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cloth 1-4399-0789-7 $79.50, May 13, Available
paper 1-4399-0790-0 $25.95, Jun 13, Available
Electronic Book 1-4399-0791-9 $25.95 Available
208 pp 6x9 3 tables 53 halftones
"Kaplan gives a group of preteens from South Central L.A. the chance to document their lives in this moving work. After telling them to 'take pictures of anything you want to show me about your experiences,' Kaplan uses the results to assemble a well-researched narrative examining how the subjects 'experience and react to the social problems associated with South Central,' their reflections on living there, and how they deal with daily challenges, including gang violence and drug warfare.... [Kaplan] interweaves her subjects’ stories and pieces from their photo essays with her research, reflections, and observations, confronting issues of class, race, and identity. Even casual anecdotes point to larger problems—teachers who don’t care and schools that don’t work."
Looking at their photo of railroad tracks, a group of preteen students in South Central Los Angeles see either "a way out of the ghetto," or a "dirty, bad environment." Such are the impressions expressed in the poignant "We Live in the Shadow": Inner-City Kids Tell Their Stories through Photographs.
In Elaine Bell Kaplan's perceptive book, at-risk youth were given five-dollar cameras to tell stories about their world. Their photos and stories show us their response to negative inner-city teen images. We follow them into their schools, and we hear about their creative coping strategies. While these kids see South Central as dangerous, they also see themselves as confident enough to not let the inner-city take them down. They refuse to be labeled as "ghetto thugs," as outsiders sometimes do. These outsiders include police, teachers, and other groups representing the institutional voices governing their daily lives.
The kids in "We Live in the Shadow": Inner-City Kids Tell Their Stories through Photographs have developed a multilayered view of society. This impressive book gives voice to their resilience.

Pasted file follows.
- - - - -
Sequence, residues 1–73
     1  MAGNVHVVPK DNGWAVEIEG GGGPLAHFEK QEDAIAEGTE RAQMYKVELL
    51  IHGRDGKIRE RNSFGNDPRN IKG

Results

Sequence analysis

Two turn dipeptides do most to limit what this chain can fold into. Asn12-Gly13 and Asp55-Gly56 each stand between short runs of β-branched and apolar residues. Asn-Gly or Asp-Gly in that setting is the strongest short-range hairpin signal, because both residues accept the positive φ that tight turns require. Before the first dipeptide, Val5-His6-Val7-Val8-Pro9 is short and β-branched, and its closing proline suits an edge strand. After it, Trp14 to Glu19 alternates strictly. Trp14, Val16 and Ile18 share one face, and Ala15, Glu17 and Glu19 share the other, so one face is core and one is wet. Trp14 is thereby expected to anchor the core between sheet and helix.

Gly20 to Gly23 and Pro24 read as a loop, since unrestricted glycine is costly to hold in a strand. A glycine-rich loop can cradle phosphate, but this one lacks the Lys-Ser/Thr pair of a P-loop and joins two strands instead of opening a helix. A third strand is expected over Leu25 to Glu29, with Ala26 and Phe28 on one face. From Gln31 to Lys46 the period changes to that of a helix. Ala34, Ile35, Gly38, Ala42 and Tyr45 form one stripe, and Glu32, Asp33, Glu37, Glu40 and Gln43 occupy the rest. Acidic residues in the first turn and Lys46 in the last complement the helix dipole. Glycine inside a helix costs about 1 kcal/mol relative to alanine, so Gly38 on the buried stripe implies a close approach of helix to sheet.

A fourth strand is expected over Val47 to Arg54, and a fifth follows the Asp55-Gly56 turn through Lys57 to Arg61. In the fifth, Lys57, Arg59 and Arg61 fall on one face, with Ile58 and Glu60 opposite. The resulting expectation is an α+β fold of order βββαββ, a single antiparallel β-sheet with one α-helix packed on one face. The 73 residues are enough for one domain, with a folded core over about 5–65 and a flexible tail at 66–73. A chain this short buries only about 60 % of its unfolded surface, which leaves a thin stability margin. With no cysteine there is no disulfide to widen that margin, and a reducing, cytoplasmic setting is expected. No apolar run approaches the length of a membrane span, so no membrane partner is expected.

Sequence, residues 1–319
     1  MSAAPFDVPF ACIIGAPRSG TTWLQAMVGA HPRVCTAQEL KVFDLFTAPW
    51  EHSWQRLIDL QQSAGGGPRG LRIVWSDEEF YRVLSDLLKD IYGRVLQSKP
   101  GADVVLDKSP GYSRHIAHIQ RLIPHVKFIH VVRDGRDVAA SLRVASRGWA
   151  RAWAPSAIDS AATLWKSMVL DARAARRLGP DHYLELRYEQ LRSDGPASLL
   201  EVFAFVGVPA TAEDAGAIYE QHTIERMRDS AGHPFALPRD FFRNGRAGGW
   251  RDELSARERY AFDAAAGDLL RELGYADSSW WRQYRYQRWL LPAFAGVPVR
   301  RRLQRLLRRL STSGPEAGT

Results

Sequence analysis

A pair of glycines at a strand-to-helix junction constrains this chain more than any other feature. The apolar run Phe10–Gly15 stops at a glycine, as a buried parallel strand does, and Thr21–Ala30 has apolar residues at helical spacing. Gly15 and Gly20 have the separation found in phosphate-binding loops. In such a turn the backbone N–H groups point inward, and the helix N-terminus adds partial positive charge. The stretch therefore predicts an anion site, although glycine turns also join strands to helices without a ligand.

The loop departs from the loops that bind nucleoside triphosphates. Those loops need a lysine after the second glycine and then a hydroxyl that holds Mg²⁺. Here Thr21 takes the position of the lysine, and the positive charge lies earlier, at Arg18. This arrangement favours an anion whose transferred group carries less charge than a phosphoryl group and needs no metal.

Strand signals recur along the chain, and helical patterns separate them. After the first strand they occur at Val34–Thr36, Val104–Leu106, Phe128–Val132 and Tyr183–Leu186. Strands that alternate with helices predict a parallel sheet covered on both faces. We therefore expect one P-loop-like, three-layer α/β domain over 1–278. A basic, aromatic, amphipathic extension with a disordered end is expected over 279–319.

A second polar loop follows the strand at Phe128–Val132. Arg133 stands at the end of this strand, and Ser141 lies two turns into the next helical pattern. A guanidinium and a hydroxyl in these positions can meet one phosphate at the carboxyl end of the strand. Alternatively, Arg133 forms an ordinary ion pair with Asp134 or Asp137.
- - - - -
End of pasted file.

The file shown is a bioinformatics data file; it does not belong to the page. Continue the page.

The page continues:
Excerpt available at www.temple.edu/tempress
""We Live in the Shadow', is a very absorbing combination of photo and text that will draw readers into the lives of these youth and facilitate some very difficult dialogues on race and privilege. The unique use of photovoice methodology—which allows the participants to provide something more than an interview response—provides a more comprehensive understanding of these youths. The pictures themselves would comprise a masterful photo-essay if presented alone. But the combination of compelling photos and rich, nuanced interview data provides an extremely important and novel representation of the lives of these teens."
Cynthia Hudley, Professor in the Graduate School of Education at the University of California, Santa Barbara, and author of You Did that on Purpose: Understanding and Changing Children’s Aggression
"Any work that aims to fight against simplistic and extraordinarily narrow depictions of African American and Latino youth in urban America is important. In ‘We Live in the Shadow’ Elaine Bell Kaplan aims to capture a more complex and complicated vision of such young people as skilled interpreters of their social realities. The novelty of the photovoice approach will appeal to a broad audience, and this book will be a stand-alone contribution to studies of racialized youth in urban poverty."
Alford A. Young, Jr., Arthur F. Thurnau Professor, Sociology, and Department of Afroamerican and African Studies, University of Michigan
"While many books are available of poor kids’ photographs of their environments, few are as successful as this at respectfully rendering kids’ commentaries on their photos, and linking this to sociological theory. Hence, this book makes a substantial contribution to our understanding of the lived experiences of young adolescents growing up poor, as well as visual sociology.... The treasure[s] of this book are the many insightful comments that young people provide for photos that otherwise are difficult to decipher.... A highlight of the book is the students’ keen sense of irony in explaining their photos: Spencer notes how a building where drug dealers meet sports a 'Welcome' sign. Some of the kids’ most poignant stories are found in the final section."
Teachers College Record
View a selection of images from the book (pdf).
Part I: Kids with Cameras
1. “What Do You Want to Tell Me about This Picture?”
2. The Photovoice Methodology
Part II: History and Transformation of South Central
3. “Don’t Be a Menace to South Central while Drinking Your Juice in the Hood”
4. “Send Them All to Iraq”
Part III: Kids’ School Stories
5. Teachers and Dirty Bathrooms
6. “She’s Gettin’ Her Learn On”
Part IV: Kids’ Neighborhood Stories
7. “I Was Just Scared”
8. Garbage, Alleyways, and Painted Doors
Part V: Kids’ Family Stories
9. Strain of a Heart
10. To Hope for Something
Appendix A: Participants by Race/Ethnicity, Gender, and Age
Appendix B: University of Southern California Neighborhood Academic Initiative Program Graduate Survey, 1997–2011
Appendix C: Assignments and Questionnaire
Elaine Bell Kaplan is Associate Professor in the Department of Sociology at the University of Southern California, and author of Not Our Kind of Girl: Unraveling the Myths of Black Teenage Motherhood.
Race and Ethnicity
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